Monday, October 16, 2006
Mexico’s Future President Tours Latin America
By Allan Wall
During the first week of October, from the 2nd to
the 6th, Mexican President-elect Felipe Calderon made a whirlwind tour of Latin America.
It was an impressive itinerary. Calderon visited
Guatemala, El Salvador, Honduras, Costa Rica, Colombia, Chile, Argentina and Brazil.
The tour enabled the president-elect to develop regional contacts, which should stand him in good stead after taking
With Colombian President Alvaro Uribe, Calderon discussed
the problem of the drug trade, and with Brazilian President Luiz Inacio Lula da Silva a possible joint venture between state
oil companies, Mexico’s Pemex and Brazil’s Petrobras.
And way down south in Santiago, Chile, Calderon encountered
two Mexicans who had shown up to protest him.
U.S. immigration policy was a constant topic of the
tour. In several of the countries Calderon bashed the proposed wall planned for the U.S.-Mexican border. At a summit in Tegucigalpa, Honduras, Calderon and representatives of seven countries in the region condemned
This is typical of Mexican politicians however,
for whom bashing U.S. immigration policy is always a favorite topic. But Calderon
also discussed Mexican immigration policy, usually ignored by Mexican politicians.
In 2005, Mexico detained and deported over 240,000
illegal aliens from its own territory. Most of these deportees were from Guatemala, El Salvador and Honduras, all three of
which are poorer than Mexico. (In Tegucigalpa, all three of those countries joined with Calderon to criticize the border wall).
In Guatemala, Calderon presented his vision for the
future of the Mexico-Guatemala border: “I want a border that unites Guatemala with Mexico, to open the way to brotherhood
between both countries, to categorically close it to drugs, weapons, and criminality – which is in the interests of
It’s an interesting proposal, but of course
there would be a lot of details to work out. The very concept of a “united
border” is problematic, since by definition a border divides nations. Therefore, any sort of “united border”
implies some sort of international union.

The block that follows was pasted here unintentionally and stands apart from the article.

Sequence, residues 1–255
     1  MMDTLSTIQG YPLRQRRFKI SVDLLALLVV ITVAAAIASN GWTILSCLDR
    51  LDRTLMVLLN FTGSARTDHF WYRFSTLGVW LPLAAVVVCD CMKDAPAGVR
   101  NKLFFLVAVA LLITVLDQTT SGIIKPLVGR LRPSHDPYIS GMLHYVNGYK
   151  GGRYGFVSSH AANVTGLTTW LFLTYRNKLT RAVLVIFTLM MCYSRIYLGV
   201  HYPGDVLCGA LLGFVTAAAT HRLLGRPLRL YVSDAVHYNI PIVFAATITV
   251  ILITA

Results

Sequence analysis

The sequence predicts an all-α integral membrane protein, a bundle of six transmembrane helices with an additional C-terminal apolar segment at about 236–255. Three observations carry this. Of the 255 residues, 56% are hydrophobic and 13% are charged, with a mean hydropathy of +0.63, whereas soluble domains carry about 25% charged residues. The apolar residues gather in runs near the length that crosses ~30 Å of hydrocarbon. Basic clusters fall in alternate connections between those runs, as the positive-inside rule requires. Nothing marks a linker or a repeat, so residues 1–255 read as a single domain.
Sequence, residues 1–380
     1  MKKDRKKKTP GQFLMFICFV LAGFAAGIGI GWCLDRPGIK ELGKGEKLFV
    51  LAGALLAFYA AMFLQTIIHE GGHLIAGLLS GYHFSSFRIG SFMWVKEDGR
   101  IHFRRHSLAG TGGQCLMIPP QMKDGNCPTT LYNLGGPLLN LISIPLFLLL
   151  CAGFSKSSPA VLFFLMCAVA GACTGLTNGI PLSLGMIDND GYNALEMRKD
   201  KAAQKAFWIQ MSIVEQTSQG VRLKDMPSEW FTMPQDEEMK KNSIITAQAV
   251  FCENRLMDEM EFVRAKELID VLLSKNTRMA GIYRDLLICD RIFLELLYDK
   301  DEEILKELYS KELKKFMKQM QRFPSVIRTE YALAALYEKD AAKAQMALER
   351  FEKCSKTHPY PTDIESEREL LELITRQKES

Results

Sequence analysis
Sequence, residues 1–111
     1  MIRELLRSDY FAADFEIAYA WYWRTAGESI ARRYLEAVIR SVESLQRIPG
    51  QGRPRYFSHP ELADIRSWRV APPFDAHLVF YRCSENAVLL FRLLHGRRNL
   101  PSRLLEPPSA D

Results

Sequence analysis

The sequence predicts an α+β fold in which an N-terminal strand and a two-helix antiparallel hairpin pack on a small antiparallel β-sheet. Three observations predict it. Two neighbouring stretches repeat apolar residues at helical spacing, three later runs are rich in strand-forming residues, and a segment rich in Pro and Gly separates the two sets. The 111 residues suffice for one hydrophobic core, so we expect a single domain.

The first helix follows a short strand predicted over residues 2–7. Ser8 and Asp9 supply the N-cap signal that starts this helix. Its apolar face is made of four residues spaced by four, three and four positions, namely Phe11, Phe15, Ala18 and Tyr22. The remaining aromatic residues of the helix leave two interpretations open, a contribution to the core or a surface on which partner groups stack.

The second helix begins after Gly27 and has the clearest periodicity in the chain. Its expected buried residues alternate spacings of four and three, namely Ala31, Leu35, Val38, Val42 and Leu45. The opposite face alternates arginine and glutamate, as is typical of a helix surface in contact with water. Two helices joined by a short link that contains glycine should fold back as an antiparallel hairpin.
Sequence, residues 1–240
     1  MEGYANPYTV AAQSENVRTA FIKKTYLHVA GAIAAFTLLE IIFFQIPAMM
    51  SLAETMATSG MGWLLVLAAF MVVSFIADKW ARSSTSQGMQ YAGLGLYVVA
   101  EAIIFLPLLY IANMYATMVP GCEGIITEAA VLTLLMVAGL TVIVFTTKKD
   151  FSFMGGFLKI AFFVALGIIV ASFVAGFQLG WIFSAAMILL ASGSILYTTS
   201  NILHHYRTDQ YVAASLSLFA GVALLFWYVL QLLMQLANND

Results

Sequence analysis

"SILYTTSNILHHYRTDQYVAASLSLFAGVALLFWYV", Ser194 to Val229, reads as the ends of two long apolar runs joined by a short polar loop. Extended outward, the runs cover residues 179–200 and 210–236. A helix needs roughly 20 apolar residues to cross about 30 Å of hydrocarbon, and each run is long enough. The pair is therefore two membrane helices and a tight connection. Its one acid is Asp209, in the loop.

But at least Calderon deserves credit for taking
up the subject, usually ignored by Mexican politicians. But not being president
yet, it’s impossible to know how he will enact these proposals.
Does Calderon’s Latin American coming out tour
reveal a tilt toward the region in Mexican foreign policy?
In Guatemala, Calderon stated that, “My government
clearly understands that the human, cultural and historical calling of Mexico is with Latin America. We will be a government
that looks to all parts of the world, not a government trapped in the gaze toward the north [the U.S.A.], but a government
that looks clearly and decidedly toward the south [the rest of Latin America], which is our region, our identity, our root
and a good part of our future.”
And in Chile Calderon said that, “my government
will look clearly toward the south [i.e. the rest of Latin America], because I am a president (sic) with a profound Latin
American conviction and I know that Mexico, independently of its economic links and its position and history with the U.S.,
is a Latin American country and has to exercise and assume its responsibility in the regional equilibrium of Latin America.”
Calderon seems to be signaling here some kind
of tilt toward Latin America. But is this just public relations rhetoric or a
Culturally Mexico is part of Latin America, but economically
it is closely linked to the United States. Mexican trade with the United States
dwarfs that of Mexican trade with the rest of the world (including Latin America) put together. The North American Free Trade Agreement, NAFTA, intensifies this trade relationship.
The mass immigration of the past few decades (and
the political maneuvering that goes with it) has produced a situation in which the majority of the Mexican population has
relatives living in the U.S.A.
If you look at a map you can easily see the geographical
challenge. Mexico has a long border with the U.S., almost 2,000 miles, but a short border with Guatemala and an even shorter
one with Belize (which is an officially English-speaking nation anyway).
Nevertheless, none of these factors prevent Mexico
from strengthening its relations with the rest of Latin America. And if that is truly an objective of Felipe Calderon, then
as president he ought to pursue it.
Allan Wall, a MexiData.info columnist, recently
returned from a tour of duty in Iraq. He currently resides in Mexico, where he
has lived since 1991. He can be reached
via e-mail at email@example.com.